Submission #344 by Orangetown Jewish Center Men's Club - Orangeburg, NY (1886)

Submission information
Submitted by namkoob42
Wed, 2013-05-01 22:14
I have read the General Guidelines, "Nuts and Bolts" and Program Advanced Planning (Excel Spreadsheet) Documents
Club Name
Orangetown Jewish Center Men's Club - Orangeburg, NY (1886)
Turning Shabbat Conversations into Hearing Men's Voices
Club Representative
Person completing form
Club President at time of Convention
Club President Now
Hearing Mens Voices

Page 1

The Hearing Men's Voices committee wants to extend the ideas from the HMV books to current topics that men ((and women) are talking about . They center on problems with parenting, changing friendships, balancing Jewish values with other commitments as well as the man's role in the modern marriage.
Orangetown Jewish Center Program details

Orangetown Jewish Center Program details

After 3 years and about 15 sessions of Hearing Men’s Voices, we needed to branch out and address the needs of our men in a more “home-grown” manner. We decided to look for other topics that men were speaking about. We began listening to others in social gatherings at a kiddush on Shabbat, and virtually anywhere people got together. We noted that there is a great deal of sharing that goes on when people sit down to break bread after a Shabbat service. Our Saturday morning services are typically 150-180 people without a simcha, so there is a lot of socializing going on. In addition, there are a number of concerns shared by men and women.

When our committee meets, we discuss some of the concerns and ideas we have heard. We discuss them and decide if any are worth turning into a new HMV session. Once a topic is decided on, we toss around possible titles and focus questions. The questions may shift order several times until we determine the discussion starter question.

Another issue we decided to address was getting more support for the program by engaging the wives. After some discussions with our Rabbis, we realized that we could accomplish this and fill a need for programming on Yom Kippur between Musaf and MIncha. We opened the program to men and women, calling it, “Hearing Our Voices.”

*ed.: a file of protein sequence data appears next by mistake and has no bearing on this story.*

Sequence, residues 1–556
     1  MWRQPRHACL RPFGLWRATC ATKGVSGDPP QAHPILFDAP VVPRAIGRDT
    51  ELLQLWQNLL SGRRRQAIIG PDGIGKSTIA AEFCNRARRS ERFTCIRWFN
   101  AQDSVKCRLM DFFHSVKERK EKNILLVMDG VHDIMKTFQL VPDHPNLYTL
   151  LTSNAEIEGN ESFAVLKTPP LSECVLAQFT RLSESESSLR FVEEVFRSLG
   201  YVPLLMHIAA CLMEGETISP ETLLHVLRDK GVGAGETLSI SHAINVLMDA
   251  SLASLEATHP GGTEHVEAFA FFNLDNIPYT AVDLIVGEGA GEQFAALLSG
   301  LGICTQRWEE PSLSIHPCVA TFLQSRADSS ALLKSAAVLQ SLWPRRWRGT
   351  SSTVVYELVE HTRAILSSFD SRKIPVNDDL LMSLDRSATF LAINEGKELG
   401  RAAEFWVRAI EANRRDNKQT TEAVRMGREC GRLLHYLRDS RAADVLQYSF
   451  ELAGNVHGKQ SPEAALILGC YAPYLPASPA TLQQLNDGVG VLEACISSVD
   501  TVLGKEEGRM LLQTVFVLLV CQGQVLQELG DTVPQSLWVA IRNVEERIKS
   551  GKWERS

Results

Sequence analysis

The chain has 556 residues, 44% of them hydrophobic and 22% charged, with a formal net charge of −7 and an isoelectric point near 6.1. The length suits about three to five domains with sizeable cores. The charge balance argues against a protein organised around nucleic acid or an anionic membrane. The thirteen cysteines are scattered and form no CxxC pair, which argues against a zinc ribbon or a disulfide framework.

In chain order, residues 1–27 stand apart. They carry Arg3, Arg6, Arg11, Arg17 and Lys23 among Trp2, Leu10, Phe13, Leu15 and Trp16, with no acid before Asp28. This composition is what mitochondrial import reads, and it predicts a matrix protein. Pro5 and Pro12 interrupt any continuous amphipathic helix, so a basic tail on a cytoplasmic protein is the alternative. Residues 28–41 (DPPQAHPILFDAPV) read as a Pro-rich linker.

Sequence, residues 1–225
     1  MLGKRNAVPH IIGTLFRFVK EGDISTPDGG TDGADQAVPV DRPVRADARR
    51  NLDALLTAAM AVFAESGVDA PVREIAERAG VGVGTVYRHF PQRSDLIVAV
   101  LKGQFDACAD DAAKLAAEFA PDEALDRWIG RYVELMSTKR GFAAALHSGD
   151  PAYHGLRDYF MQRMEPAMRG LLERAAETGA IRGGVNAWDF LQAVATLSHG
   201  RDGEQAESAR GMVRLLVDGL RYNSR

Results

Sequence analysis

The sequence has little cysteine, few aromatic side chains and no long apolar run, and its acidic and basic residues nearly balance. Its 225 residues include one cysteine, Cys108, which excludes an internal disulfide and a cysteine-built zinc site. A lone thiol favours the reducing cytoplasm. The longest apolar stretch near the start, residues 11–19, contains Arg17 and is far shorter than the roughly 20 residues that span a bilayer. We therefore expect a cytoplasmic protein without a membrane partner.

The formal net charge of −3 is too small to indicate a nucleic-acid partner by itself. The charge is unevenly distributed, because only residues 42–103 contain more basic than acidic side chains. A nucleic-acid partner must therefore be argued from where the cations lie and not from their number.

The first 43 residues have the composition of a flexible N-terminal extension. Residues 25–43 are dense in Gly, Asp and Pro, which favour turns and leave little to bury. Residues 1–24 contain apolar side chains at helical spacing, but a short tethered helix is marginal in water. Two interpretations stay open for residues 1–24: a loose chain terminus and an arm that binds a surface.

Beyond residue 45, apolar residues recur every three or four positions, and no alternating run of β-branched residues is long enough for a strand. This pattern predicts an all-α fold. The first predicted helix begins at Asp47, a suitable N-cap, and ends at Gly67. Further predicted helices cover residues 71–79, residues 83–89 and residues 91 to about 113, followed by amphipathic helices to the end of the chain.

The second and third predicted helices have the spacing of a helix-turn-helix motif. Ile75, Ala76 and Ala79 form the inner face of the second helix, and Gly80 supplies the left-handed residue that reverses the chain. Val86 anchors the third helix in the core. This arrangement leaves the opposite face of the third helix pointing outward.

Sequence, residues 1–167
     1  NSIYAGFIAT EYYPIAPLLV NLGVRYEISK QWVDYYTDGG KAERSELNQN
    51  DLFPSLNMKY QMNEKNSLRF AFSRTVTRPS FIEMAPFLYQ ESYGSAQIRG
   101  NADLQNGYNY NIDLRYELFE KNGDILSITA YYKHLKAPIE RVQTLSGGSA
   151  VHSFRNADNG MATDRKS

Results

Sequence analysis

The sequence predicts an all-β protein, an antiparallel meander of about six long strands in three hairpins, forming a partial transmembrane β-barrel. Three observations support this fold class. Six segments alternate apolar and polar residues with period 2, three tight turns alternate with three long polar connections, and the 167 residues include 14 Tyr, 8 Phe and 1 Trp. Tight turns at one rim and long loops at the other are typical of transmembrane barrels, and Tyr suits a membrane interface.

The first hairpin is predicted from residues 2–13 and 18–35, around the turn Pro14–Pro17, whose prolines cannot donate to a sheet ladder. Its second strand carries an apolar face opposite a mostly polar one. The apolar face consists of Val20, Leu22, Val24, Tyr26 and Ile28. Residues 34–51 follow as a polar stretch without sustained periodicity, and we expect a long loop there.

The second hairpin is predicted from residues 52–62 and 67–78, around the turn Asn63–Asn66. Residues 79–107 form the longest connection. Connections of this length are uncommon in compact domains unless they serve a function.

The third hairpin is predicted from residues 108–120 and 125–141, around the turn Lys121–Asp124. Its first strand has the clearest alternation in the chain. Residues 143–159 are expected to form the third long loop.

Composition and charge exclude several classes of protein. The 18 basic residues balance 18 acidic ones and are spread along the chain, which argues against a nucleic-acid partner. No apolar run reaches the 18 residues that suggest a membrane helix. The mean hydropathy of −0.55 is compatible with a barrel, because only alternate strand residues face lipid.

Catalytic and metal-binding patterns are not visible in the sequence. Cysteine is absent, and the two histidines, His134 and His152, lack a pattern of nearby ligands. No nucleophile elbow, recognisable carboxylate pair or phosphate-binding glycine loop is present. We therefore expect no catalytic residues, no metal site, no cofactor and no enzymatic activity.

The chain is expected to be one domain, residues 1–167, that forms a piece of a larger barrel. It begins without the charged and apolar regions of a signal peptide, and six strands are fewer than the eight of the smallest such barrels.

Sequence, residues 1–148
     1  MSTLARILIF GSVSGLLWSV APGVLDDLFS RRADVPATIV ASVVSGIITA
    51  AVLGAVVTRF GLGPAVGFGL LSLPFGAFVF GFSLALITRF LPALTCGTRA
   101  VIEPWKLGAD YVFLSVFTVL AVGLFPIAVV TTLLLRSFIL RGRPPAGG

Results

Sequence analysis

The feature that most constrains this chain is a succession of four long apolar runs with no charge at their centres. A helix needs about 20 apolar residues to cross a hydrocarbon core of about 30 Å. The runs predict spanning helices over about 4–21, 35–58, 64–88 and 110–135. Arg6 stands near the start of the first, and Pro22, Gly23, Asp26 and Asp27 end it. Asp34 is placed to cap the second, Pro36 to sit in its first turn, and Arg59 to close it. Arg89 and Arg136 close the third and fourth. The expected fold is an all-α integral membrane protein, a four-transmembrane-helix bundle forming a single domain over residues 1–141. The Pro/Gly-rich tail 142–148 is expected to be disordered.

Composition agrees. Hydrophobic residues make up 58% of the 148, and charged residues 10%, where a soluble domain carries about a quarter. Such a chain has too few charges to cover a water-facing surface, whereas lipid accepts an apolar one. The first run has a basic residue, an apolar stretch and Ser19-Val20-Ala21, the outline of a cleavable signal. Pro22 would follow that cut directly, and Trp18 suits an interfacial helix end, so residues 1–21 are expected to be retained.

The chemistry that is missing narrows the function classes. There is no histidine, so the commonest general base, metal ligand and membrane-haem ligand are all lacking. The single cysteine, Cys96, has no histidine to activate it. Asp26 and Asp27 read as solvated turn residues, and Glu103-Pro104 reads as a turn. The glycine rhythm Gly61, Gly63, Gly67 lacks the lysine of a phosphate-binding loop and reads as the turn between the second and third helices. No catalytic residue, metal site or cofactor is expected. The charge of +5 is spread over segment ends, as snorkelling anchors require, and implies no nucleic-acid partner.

Some of the new topics have included:
• What does it mean to be a parent and grandparent in the 21st century?
• How have my friendships changed from childhood to now?
• What is the man’s role in bringing spirituality to the marriage?
• How do I keep my Jewish values while juggling my commitments?
• What is my Jewish identity and how to I pass it to my children and grandchildren? This was part of a Yom Kippur program for men and women after Musaf.

Finally we decide on a facilitator and co-facilitator and a date at least one month in advance. A flyer is made up and is sent out via Constant Contact, e-blasts, mailings and the synagogue newsletter. In addition, the synagogue president or one of the Rabbis will announce it from the Bimah on Friday night and Saturday for several weeks before the event.

Page 2

Self Assessment
The program has engaged men who do not usually get involved in synagogue activities. A few have become more involved in synagogue life while others are now having a more active role in the Men’s Club. A few weeks after we run a session, men who missed it ask when the next session is. Regulars always ask when the next session is coming. The group runs from 8 to as high as 20 members. Most sessions have about 14 attendees.

The co-ed session on Yom Kippur ( which had about 30 attendees) generated a lot of questions and interest from the wives. Almost all of them wanted the program to continue next year, while some asked for a women’s only session or regular co-ed sessions.
This program supports all three elements of the tagline. There is leadership in creating new discussion topics based on needs. We have moved the program into new areas such as Yom Kippur and a limited co-ed session. Community is involved: the Rabbis, the women and ritual with our Yom Kippur initiative.
Original Program
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